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Lifecycle Exchange for Asset Data (LEAD): A Proposed process model for managing asset data flow between building stakeholders using BIM open standards

Al-Naggar, A; Pitt, MR; (2019) Lifecycle Exchange for Asset Data (LEAD): A Proposed process model for managing asset data flow between building stakeholders using BIM open standards. Journal of Facilities Management 10.1108/JFM-06-2019-0030. (In press). Green open access

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Abstract

Purpose: The purpose of this study is to outline the problems associated with asset information management using the Construction Operations Building Information Exchange (COBie) standard and to analyse the causes of industry failure to successfully adopt the standard. Based on this analysis, the paper will propose a process model, namely, Lifecycle Exchange of Asset Data (LEAD) to manage asset dataflow between all building stakeholders from design to construction and ultimately to the facility management team. This model aims to help the construction supply chain to produce complete and high-quality asset data that supports the operation phase of the built environment. Design/methodology/approach: A review of relevant studies provided a theoretical background for this study. The authors then collected and analysed COBie data from five live construction projects using building information modelling (BIM) projects from different design and construction companies. The process model is based on an industry placement within Bouygues UK construction company, which was a Tier 1 building contractor in London in the period from December 2016 to December 2018. The researcher used an inductive approach observing current practises in two construction projects to produce “LEAD” model. Then a focus group was conducted with industry experts to discuss and refine the process model. Findings: Analysis of literature and data collected in the course of this study revealed that although COBie is a BIM Level 2 standard in the UK, there is currently a low success rate in producing complete and accurate COBie data in the UK construction industry. This low rate is because of COBie’s rigid data syntax/structure, complexity and ambiguity of its data exchange process, which suggests that COBie may not be the future of the industry. Based on these findings, the study proposed a process model, namely, “LEAD,” to improve COBie output and also to be used with project-specific information requirements. Practical implications: To the best of the authors’ knowledge, this paper is one of the first to focus solely on asset data exchange process using COBie standard and highlights the problems the industry faces in this remit. The study is based on industry placement for two years, so the analysis is based on actual and current industry problems. Current industry practices also informed the “LEAD” model, and the model provides a step-by-step guidance in producing and exchanging BIM asset data in all stages of the building lifecycle. Originality/value: This paper provides a detailed analysis of the most common problems associated with COBie as an asset data exchange standard. Understanding these problems is of high value for industry practitioners to avoid them in projects. The paper also proposed a novel process model that can be used either to improve COBie quality or can be used with any project-specific data requirements.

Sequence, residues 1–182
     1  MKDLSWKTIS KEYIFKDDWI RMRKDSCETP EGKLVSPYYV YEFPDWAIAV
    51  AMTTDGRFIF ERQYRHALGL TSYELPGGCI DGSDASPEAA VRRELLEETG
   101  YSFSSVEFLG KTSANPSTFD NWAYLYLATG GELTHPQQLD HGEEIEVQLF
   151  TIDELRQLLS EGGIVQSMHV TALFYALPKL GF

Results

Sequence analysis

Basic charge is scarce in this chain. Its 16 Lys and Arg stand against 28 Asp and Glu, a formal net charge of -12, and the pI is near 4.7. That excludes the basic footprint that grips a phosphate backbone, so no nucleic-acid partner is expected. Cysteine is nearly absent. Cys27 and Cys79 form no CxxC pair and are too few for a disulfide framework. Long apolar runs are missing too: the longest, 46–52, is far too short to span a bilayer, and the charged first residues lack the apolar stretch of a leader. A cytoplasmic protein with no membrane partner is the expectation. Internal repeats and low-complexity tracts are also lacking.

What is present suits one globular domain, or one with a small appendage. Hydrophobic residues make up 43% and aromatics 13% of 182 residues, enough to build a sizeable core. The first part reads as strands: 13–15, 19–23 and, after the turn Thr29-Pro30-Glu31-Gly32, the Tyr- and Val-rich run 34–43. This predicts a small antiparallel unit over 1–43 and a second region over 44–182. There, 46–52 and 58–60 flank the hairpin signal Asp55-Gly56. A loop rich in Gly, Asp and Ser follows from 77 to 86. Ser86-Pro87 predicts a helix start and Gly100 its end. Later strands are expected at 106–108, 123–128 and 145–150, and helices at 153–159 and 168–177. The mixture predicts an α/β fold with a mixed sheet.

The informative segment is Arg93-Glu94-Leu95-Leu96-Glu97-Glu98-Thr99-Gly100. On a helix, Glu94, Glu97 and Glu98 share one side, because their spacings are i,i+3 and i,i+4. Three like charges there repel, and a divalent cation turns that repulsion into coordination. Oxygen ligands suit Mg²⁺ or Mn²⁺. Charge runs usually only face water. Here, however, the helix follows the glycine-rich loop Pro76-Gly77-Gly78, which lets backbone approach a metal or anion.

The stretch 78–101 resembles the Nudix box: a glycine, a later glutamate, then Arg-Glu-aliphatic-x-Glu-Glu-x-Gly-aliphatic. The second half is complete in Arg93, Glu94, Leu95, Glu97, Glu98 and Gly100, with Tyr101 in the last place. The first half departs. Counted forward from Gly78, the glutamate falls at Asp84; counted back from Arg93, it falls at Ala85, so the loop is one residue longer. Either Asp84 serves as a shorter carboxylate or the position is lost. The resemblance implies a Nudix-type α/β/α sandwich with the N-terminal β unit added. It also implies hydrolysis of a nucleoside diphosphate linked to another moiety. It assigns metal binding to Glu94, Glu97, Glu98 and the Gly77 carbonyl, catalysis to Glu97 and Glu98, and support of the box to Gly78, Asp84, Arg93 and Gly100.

Type: Article
Title: Lifecycle Exchange for Asset Data (LEAD): A Proposed process model for managing asset data flow between building stakeholders using BIM open standards
Open access status: An open access version is available from UCL Discovery
DOI: 10.1108/JFM-06-2019-0030
Publisher version: http://doi.org/10.1108/JFM-06-2019-0030
Language: English
Additional information: This version is the author accepted manuscript. For information on re-use, please refer to the publisher’s terms and conditions.
Keywords: Building information modelling (BIM), Facility management, Asset data management, Lifecycle data exchange, Asset information requirements (AIR), COBie Process, BIM, Digital engineering
UCL classification: UCL
UCL > Provost and Vice Provost Offices > UCL BEAMS
UCL > Provost and Vice Provost Offices > UCL BEAMS > Faculty of the Built Environment
URI: https://discovery.ucl.ac.uk/id/eprint/10079760
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